U.K. Ramps Up Covid Vaccine Rollout With Hospitals Under Strain
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The U.K. said its coronavirus vaccine rollout will accelerate with the opening of seven regional centers at sports and conference venues this week, amid warnings hospitals are struggling to cope as cases surge.
Health Secretary Matt Hancock said Sunday the U.K. is “on course” to meet its vaccine target with more than 200,000 people receiving doses every day and the total now standing at about 2 million. The government publishes daily data from Monday, when Hancock will visit one of the new centers before holding a press conference in Downing Street to lay out the vaccination strategy.
Read more: Can Johnson Defy Critics and Vaccinate 15 Million Britons in Time?
The U.K. faces a race against time to administer vaccines and control the disease. A new faster-spreading virus strain threatens to overwhelm the state-run National Health Service and prolong the need for a lockdown measures that threaten to drag the economy into a double-dip recession.
Prime Minister Boris Johnson has set a target to deliver about 15 million shots to the most vulnerable people by mid-February, a goal he has described as a “big stretch.” With those most at risk of dying from the disease protected, the idea is to then gradually lift restrictions and re-open the economy.
Much is also riding politically on meeting the target, after his government faced months of criticism over its handling of the pandemic.
The U.K. was the first country in the Western world to approve a Covid immunization last month, giving the green light to the Pfizer-BioNTech shot. It has since begun administering doses of a vaccine developed by Oxford University and AstraZeneca and last week approved a vaccine from Moderna.
The pressure to get vaccines into arms has been ramped up by the emergence of the new virus strain, which has thrown the government’s plans on everything from the economy to education into turmoil by forcing another lockdown.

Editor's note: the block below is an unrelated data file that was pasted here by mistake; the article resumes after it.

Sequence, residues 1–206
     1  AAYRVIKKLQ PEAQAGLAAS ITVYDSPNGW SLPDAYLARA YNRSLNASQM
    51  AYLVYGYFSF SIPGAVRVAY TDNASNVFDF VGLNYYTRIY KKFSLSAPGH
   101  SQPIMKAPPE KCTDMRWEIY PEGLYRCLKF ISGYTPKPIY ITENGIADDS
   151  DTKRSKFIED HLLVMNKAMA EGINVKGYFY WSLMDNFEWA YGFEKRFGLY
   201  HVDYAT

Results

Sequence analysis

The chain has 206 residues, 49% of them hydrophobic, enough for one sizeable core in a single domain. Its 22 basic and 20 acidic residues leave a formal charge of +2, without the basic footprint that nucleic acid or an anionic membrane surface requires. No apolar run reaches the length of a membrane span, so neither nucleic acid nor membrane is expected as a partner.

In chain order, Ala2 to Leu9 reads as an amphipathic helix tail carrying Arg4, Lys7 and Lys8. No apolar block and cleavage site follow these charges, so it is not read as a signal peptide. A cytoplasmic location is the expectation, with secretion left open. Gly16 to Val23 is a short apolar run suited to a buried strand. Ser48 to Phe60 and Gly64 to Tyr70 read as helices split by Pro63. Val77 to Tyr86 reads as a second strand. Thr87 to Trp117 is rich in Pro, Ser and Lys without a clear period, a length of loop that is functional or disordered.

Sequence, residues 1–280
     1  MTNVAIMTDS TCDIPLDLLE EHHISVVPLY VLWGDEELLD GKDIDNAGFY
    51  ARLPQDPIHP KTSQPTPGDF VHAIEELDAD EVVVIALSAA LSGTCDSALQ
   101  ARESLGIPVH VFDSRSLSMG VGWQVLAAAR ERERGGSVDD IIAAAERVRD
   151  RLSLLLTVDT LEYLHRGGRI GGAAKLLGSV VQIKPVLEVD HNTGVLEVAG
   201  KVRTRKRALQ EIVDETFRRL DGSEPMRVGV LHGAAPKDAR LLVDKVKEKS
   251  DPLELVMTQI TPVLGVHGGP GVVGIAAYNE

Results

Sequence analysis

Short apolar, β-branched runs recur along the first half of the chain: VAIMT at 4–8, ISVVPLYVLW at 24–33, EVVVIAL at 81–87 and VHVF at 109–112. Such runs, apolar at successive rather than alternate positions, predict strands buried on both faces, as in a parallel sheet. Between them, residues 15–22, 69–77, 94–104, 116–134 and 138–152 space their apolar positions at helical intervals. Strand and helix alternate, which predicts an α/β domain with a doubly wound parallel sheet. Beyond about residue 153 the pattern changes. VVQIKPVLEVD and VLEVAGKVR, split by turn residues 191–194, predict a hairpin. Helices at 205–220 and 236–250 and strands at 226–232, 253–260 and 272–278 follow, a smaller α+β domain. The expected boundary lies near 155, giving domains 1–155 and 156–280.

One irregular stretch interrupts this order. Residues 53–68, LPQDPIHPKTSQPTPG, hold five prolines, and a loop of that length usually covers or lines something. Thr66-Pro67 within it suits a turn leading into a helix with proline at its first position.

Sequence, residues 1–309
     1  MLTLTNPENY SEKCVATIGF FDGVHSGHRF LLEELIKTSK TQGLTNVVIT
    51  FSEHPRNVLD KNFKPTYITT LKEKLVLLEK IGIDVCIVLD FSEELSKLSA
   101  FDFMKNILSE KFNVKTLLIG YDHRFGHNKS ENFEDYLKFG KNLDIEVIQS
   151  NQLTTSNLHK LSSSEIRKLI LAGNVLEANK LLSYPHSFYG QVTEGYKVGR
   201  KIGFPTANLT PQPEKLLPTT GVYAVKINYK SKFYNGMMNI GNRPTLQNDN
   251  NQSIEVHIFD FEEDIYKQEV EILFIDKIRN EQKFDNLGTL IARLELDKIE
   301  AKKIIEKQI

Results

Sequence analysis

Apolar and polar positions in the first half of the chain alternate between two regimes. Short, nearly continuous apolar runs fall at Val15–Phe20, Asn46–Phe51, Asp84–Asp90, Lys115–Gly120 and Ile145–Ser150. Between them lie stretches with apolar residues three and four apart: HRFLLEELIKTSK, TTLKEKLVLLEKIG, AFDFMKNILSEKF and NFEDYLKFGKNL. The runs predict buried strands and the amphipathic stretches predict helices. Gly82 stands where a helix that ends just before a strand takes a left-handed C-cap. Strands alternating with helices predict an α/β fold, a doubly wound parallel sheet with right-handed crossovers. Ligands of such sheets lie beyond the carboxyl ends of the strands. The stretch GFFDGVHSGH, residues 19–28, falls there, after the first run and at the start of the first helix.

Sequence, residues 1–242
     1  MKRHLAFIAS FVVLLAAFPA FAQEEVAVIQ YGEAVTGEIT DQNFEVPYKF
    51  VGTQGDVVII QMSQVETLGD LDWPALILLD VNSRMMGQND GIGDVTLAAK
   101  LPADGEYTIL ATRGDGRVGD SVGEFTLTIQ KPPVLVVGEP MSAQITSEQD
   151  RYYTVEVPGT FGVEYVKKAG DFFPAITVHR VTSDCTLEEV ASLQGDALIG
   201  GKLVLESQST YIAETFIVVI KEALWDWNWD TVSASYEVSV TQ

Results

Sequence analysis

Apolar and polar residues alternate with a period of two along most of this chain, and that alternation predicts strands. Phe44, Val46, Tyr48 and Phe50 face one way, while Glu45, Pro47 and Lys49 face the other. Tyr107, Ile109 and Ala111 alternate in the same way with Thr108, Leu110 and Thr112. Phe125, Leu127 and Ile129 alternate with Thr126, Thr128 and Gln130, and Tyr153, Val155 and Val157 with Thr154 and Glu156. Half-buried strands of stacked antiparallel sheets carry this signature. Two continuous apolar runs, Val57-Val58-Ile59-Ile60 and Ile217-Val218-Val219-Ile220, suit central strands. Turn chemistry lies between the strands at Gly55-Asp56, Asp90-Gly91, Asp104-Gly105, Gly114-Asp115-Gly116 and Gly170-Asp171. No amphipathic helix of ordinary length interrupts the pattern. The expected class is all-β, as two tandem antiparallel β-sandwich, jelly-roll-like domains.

The government’s scientific advisers believe new Covid-19 infections are running above 100,000 a day — comparable or exceeding the first wave in the spring. The U.K. reported an additional 54,940 confirmed cases on Sunday, with the total now above 3 million since the pandemic began.
They also warned that lower adherence to the lockdown is undermining efforts to reduce infections, and that stricter measures may be necessary.
“The U.K. vaccine delivery plan will be the keystone of our exit out of the pandemic,” Hancock said in an emailed statement Monday. “But we all must continue to play our part by staying at home, following the rules and keeping hands, face, space at the forefront of our minds when out and about.”
Writing in the Sunday Times, England’s Chief Medical Officer Chris Whitty said the NHS faces the “most dangerous situation anyone can remember” due to the surge in cases. “If the virus continues on this trajectory, hospitals will be in real difficulties, and soon,” he wrote.
In other developments:
- Hancock said it’s likely that a dual influenza-coronavirus vaccine program will be needed in the future.
- The Times said supermarkets face being legally required to force that customers wear masks and observe rules on mixing with others
- The Telegraph reported the government may stop members of different households from exercising together
- The Federation of Small Businesses warned that at least 250,000 firms will close this year without more government support.
- In a speech Monday, opposition Labour Party leader Keir Starmer will urge the government to give key workers a pay increase and protect family incomes by preventing local councils from raising taxes
- The Sunday Times cited officials it didn’t identify as saying the government is looking at contingency plans to postpone local elections due in May.
But even as cases rise and with the U.K.’s death toll the highest in Europe at more than 80,000, the government faces growing pressure — including from Conservative Party lawmakers — to say when the lockdown can be lifted. Many want that process to begin in mid-February, or once the most vulnerable people have been vaccinated.
On Sunday, Hancock said the aim is to start relaxing measures in England before the March 31 date in the lockdown legislation, but said it hinges on factors including the case rates and pressure on the NHS.
Still, there are warnings the government may yet have to intensify the current lockdown. “It remains to be seen” if the restrictions are enough to counter the new strain, Peter Horby, chairman of the scientific group advising the government on respiratory virus threats, told the BBC on Sunday.
“Now we’re in a situation where everything that was risky in the past is now more risky,” he said, adding that “we are now in the eye of a storm.”
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